The U.S. House of Representatives passed legislation aimed at delaying the Department of Labor’s fiduciary rulemaking on Tuesday night.
In a 245 to 186 floor vote, the House passed H.R. 1090, which was introduced by Representative Ann Wagner (R-Mo.) in February. The bill, titled Retail Investor Protection Act of 2015, would require the DOL to wait 60 days after the Securities and Exchange Commission publishes a rule regarding brokers’ fiduciary duty before releasing its own rule.
The proposed legislation also requires the SEC to conduct an analysis to determine if investors would be “systematically harmed or disadvantaged” by the rulemaking. Barbara Roper, director of investor protection at the Consumer Federation of America, believes the measure is a delay tactic. "The SEC has been studying this issue for close to a decade. We don't need another study, we need a rule," she said.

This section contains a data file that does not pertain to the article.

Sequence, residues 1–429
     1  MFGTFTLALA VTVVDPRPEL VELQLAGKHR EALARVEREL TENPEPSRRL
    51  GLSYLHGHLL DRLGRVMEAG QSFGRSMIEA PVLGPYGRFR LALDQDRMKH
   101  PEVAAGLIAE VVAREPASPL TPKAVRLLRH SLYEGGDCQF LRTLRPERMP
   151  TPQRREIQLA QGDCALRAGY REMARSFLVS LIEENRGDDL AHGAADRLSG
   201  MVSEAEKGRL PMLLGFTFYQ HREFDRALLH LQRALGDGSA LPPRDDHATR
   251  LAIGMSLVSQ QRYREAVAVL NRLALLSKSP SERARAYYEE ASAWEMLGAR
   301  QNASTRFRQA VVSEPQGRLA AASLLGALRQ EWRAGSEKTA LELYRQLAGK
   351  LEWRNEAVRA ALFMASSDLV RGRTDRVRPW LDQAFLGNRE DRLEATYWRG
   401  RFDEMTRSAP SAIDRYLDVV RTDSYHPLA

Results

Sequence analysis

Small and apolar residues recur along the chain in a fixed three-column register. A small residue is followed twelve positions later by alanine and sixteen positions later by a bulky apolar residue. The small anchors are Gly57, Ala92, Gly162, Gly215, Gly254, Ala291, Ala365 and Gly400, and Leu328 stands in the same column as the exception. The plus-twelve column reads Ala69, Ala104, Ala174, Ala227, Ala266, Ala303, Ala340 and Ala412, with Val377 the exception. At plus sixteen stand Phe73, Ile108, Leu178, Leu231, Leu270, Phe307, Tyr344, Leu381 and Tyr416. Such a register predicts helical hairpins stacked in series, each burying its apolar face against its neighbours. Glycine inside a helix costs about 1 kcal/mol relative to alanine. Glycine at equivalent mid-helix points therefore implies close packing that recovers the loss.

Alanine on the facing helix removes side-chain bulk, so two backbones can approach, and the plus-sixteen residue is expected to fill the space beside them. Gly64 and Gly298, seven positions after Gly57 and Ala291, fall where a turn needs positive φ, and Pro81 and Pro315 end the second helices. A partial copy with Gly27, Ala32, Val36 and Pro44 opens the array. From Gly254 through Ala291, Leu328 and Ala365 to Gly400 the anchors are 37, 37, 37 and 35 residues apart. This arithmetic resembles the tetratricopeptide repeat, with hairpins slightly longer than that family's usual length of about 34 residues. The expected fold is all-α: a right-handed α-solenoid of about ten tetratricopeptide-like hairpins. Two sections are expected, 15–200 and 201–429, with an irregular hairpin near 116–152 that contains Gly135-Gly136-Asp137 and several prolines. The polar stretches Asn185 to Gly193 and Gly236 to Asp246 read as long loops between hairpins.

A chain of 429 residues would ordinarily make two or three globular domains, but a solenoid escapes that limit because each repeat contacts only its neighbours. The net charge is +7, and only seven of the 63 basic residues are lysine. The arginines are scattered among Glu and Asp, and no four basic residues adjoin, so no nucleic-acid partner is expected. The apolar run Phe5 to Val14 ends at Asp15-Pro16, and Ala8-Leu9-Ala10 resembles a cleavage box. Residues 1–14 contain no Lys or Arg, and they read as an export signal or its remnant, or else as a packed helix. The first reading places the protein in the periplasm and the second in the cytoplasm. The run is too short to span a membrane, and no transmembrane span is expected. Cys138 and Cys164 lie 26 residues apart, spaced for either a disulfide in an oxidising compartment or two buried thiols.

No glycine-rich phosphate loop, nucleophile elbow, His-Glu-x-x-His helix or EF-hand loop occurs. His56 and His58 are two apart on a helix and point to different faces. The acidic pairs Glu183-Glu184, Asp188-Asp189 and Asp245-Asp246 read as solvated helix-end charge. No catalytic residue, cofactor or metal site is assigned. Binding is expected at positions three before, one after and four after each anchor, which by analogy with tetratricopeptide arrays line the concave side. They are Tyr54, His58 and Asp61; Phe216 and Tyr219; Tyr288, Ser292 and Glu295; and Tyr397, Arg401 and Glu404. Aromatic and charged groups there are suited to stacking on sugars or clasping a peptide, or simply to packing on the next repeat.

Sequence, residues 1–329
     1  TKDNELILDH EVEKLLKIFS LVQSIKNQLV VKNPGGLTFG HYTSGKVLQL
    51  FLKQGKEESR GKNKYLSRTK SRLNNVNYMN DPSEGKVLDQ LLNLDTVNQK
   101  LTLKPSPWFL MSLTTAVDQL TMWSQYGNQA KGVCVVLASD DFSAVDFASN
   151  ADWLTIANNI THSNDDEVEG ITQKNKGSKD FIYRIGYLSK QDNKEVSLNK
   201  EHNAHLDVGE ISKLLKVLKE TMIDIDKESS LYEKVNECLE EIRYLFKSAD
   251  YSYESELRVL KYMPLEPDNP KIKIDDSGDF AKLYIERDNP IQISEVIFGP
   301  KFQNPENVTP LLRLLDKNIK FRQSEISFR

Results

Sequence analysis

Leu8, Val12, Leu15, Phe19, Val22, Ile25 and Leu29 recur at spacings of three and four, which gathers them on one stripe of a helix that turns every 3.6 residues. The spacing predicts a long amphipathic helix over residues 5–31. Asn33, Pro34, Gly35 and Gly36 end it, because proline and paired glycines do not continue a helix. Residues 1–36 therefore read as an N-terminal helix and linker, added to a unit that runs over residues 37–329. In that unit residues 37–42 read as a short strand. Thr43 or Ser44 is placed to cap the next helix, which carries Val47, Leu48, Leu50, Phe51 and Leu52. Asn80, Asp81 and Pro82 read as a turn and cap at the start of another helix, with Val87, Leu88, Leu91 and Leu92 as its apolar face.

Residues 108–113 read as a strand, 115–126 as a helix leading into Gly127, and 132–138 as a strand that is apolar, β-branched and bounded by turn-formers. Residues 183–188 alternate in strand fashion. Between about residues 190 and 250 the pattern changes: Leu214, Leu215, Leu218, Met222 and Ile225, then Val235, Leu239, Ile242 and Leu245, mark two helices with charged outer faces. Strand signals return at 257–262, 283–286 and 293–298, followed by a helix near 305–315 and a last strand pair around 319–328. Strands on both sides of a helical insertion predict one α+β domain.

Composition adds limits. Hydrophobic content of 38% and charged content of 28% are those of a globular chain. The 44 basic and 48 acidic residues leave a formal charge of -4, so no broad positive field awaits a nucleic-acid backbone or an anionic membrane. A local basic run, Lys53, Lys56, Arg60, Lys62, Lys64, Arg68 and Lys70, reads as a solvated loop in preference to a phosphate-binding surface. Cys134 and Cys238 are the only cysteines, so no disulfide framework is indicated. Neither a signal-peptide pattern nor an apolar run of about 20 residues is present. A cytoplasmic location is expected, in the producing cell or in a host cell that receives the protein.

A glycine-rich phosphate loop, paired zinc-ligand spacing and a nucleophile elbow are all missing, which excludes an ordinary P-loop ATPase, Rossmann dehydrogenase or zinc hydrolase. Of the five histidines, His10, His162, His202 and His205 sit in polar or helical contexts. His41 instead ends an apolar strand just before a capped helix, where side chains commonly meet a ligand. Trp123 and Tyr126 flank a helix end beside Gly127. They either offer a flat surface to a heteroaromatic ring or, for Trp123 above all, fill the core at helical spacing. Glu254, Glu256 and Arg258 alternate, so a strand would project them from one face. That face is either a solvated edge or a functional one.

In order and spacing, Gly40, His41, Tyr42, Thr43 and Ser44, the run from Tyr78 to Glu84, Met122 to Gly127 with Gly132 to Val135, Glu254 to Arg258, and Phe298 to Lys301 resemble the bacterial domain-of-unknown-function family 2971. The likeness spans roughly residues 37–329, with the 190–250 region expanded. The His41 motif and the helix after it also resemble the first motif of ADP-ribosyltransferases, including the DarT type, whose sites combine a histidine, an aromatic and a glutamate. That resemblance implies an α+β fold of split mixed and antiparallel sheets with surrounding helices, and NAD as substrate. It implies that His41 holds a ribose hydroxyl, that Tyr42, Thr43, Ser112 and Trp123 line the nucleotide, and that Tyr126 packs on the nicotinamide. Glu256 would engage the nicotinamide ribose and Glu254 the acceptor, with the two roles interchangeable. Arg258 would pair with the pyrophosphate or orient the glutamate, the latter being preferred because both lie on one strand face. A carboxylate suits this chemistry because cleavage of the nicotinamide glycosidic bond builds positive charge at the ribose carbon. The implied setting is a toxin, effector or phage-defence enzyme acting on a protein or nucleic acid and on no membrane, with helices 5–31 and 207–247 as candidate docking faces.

In supporting the H.R. 1090 on Tuesday, Rep. Doug Collins (R-Ga.), argued the Labor Department’s fiduciary rule would deprive middle class of meaningful, personalized advice and cited a recent conversation with Edward Jones advisor Beth Baldwin.
“She was scared about the impact the fiduciary rule would have on her ability to do her job. She told me the fiduciary rule would prevent her from helping people,” Collins said.
Several Democrats, including Rep. Jared Polis (D-Colo.), argued against passing H.R. 1090 until after a finalized Labor Department rule is released. “Even if my friends on the other side of the aisle think they might not like this final rule, let’s at least give the Department of Labor, after several years of hard work, the chance to produce it. If at that point, the majority feel there are parts of the rule they don’t want or don’t like…that would be the appropriate time for this bill to intervene,” he said.
Despite the bill’s passage in the House Tuesday night, opponents of the Labor Department’s rulemaking have a long way to go to actually halt the agency's regulatory efforts.
On Monday night, the Obama administration released a statement strongly opposing H.R. 1090, saying the president would veto the legislation if it passed both chambers of Congress. Meanwhile, the Senate has shown no interest in taking up its own version of Wagner’s bill.